7-Zip, Best Open-Source File Compression Software

7-Zip is a free, open-source file compression and uncompressing programme. Igor Pavlov developed this useful program. It was originally launched in 1999. 7-Zip has its own archive format, 7z, but it can also read and write a variety of different archives. It is a free file archiver with a good compression ratio.Although 7z is the primary archive format, it can also read and write other common archive formats.

The application is available in three versions: graphical user interface (the most popular), command line interface, and shell integration.This software is arguably the most popular free file archiver since the default 7z file format has one of the highest compression ratios (using LZMA and LZMA2 – Lempel–Ziv–Markov chain method, a lossless data compression algorithm).

Interesting Features of 7-Zip Software

  • High compression ratio utilizing LZMA/LZMA2 compression in 7z format.
  • When utilizing the 7z and ZIP formats, AES-256 encryption is supported.
  • Integration with the Windows Shell.
  • For 7z files, self-extracting functionality is provided.
  • Both a file manager and a command-line interface are provided.
  • The FAR Manager Plugin is now available.
  • Most languages are supported (79).

One advantage of utilizing applications like 7-Zip is the ability to create compressed archives that can self-extract after being transmitted to another user, without having to worry about what sort of software the recipient has.

7-Zip makes it simple to conserve space, effectively back up critical files, and protect data. The best part is that it is entirely free and lightweight. It also supports a variety of compressed file formats, including BZIP2, 7z, and TAR. The list of decompression support is significantly longer.

AR, ARJ, CAB, CPIO, Crams, DMG, EXT, FAT, GPT, IHEX, ISO, LZMA, MBR, MSI, NSIS, NTFS, QCOW2, RAR, SquashFS, UDF, VDI, VHD, WIM, XAR, Z, and more may all be decompressed with 7-Zip. Those are the only ones we can recall off the top of our heads.

Archive Specifications in 7-Zip

Archive Format:

The format of the newly generated archive is specified. Some formats (such as gzip and bzip2) do not allow for more than one file to be compressed per archive.

Compression Ratio:

The data utilized in the testing has a big impact on the compression ratio findings. 7-Zip compresses files 30-70 percent better in 7z format than in zip format. In addition, 7-Zip compresses files to zip format 2-10% faster than most other zip compatible applications.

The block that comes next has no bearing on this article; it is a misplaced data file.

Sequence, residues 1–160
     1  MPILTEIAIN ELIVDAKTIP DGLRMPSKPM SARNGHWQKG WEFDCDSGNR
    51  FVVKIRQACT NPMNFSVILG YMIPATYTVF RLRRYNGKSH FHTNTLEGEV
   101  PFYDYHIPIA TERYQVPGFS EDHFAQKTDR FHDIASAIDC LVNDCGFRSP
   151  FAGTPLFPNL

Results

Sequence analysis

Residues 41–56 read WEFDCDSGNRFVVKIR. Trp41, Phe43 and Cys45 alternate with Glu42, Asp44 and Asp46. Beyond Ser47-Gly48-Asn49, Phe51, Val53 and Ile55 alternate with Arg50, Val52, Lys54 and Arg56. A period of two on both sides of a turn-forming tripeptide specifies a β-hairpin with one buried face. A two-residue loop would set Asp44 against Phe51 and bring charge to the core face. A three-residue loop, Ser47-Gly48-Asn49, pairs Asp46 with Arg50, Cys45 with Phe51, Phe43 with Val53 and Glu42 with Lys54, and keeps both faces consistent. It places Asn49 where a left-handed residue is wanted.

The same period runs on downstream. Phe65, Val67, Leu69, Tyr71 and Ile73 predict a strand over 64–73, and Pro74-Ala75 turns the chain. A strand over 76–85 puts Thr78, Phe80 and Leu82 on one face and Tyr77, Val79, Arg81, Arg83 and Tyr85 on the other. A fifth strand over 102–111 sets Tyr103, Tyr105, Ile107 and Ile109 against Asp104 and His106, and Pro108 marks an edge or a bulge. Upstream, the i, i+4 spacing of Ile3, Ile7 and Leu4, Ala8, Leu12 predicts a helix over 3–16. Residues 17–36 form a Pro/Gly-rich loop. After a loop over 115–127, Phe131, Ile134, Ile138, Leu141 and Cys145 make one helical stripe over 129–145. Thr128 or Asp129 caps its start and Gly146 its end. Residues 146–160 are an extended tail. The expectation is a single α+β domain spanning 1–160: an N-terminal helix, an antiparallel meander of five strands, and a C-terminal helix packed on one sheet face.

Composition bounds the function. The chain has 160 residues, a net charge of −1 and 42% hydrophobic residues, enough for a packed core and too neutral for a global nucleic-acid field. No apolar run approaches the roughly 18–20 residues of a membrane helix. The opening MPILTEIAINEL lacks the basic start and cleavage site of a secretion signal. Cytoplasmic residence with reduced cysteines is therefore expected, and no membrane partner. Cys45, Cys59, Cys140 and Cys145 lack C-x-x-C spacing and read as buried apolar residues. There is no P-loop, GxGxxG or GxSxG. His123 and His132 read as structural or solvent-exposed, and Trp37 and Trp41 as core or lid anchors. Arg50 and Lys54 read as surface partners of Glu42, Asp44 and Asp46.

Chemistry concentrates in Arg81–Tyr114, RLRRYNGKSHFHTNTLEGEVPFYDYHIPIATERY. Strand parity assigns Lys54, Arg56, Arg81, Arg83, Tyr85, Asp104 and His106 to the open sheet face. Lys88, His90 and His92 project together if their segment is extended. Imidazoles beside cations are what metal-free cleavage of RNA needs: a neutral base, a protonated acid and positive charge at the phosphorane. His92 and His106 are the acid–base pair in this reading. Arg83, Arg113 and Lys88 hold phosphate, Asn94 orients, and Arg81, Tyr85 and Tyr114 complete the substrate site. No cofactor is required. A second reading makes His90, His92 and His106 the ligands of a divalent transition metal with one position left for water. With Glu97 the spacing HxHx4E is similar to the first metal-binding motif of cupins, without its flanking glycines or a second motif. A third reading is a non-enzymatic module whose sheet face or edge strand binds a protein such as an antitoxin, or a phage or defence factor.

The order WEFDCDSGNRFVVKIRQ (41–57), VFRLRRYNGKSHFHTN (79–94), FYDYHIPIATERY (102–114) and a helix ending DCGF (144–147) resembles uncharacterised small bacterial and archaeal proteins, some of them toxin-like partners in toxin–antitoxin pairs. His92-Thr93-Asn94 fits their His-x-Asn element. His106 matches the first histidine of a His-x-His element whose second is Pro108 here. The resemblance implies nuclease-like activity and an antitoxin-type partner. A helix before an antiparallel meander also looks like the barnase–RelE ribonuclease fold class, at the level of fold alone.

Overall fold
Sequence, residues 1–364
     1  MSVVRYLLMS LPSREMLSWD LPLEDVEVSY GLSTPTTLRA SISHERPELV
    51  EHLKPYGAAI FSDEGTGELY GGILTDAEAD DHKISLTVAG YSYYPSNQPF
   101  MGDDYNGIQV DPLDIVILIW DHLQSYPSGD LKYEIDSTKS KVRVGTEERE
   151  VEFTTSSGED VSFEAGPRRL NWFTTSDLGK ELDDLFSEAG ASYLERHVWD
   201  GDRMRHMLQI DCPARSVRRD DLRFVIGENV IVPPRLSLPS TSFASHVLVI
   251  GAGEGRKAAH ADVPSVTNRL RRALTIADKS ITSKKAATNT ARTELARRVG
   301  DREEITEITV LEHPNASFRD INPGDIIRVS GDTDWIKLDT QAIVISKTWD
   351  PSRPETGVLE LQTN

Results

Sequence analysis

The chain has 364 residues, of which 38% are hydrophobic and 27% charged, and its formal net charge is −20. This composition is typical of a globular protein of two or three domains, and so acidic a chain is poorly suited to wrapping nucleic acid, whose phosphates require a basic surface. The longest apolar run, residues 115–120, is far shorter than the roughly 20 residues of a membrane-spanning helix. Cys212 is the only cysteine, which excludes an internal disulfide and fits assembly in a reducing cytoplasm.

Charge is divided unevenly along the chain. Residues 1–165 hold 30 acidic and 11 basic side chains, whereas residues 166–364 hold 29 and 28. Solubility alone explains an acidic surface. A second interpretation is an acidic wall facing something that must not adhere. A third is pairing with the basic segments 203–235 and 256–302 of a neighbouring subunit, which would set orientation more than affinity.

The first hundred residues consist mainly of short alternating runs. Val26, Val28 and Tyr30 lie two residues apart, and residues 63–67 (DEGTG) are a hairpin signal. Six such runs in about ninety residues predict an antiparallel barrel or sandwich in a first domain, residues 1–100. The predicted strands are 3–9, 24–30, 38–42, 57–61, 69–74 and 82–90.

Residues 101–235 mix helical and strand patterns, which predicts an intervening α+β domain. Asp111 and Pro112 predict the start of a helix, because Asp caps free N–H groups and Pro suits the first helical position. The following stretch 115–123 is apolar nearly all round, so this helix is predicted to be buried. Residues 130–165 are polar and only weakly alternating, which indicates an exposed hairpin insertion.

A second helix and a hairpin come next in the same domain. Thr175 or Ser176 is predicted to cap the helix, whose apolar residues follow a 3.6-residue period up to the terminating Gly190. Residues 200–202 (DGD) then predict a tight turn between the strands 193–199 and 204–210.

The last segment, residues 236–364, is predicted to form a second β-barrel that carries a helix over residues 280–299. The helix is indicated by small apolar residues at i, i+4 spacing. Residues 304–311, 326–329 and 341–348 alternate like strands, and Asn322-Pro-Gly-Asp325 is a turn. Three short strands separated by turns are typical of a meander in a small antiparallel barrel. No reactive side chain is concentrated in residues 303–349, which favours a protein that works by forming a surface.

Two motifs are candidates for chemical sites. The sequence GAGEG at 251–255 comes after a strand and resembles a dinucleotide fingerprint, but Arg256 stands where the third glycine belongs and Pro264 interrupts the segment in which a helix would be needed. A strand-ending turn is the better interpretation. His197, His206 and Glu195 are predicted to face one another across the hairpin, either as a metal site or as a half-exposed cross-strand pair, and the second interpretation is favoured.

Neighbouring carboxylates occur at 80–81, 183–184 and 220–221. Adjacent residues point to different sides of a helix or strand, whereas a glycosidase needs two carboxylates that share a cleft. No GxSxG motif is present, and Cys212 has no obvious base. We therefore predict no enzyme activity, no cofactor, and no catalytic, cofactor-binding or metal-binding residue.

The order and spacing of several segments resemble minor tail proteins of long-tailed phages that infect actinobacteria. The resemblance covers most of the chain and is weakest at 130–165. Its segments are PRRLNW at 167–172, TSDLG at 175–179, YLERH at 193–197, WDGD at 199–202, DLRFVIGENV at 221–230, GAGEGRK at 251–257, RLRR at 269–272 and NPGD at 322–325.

Dictionary Size:

The size of the dictionary for compression is specified here. A larger Dictionary size usually results in a greater compression ratio. However, compression can be time consuming and memory intensive. The amount of memory (RAM) used by LZMA compression is around 11 times that of the dictionary size. LZMA decompression uses about the same amount of memory as the dictionary size. The memory used by PPMd to compress and decompress data is about equivalent to the dictionary size.

Word Size:

Sets the word length that will be utilized to find identical byte sequences for compression. Larger Word sizes usually result in a somewhat better compression ratio and a slower compression process for LZMA and Deflate. For files with long identical sequences of bytes, a large Word size setting can greatly enhance compression ratio. Word size has a significant impact on both compression ratio and compression/decompression speed in PPMd.

Solid Block Size:

The size of a solid block is specified. Solid mode can also be turned off. All files will be compressed as continuous data blocks in solid mode. The compression ratio is usually improved by compressing to a solid archive. This option is only available for 7z archives. You can only update existing archives with the current version of 7z if solid mode is turned off and the existing archive is non-solid.

Number of CPU Threads:

The number of threads to compress is specified here. On Multi-Processor systems, a large number of threads can increase compression speed. Even on single-core CPUs, it can sometimes boost performance.


7-Zip supports AES-256 encryption for 7z and ZIP archives, as well as ZIP Crypto for ZIP archives. If compatibility is a problem, use the ZIP format with ZIP Crypto encryption. AES-256 gives the strongest encryption but is only supported by 7-Zip, WinZip, and a few other archivers.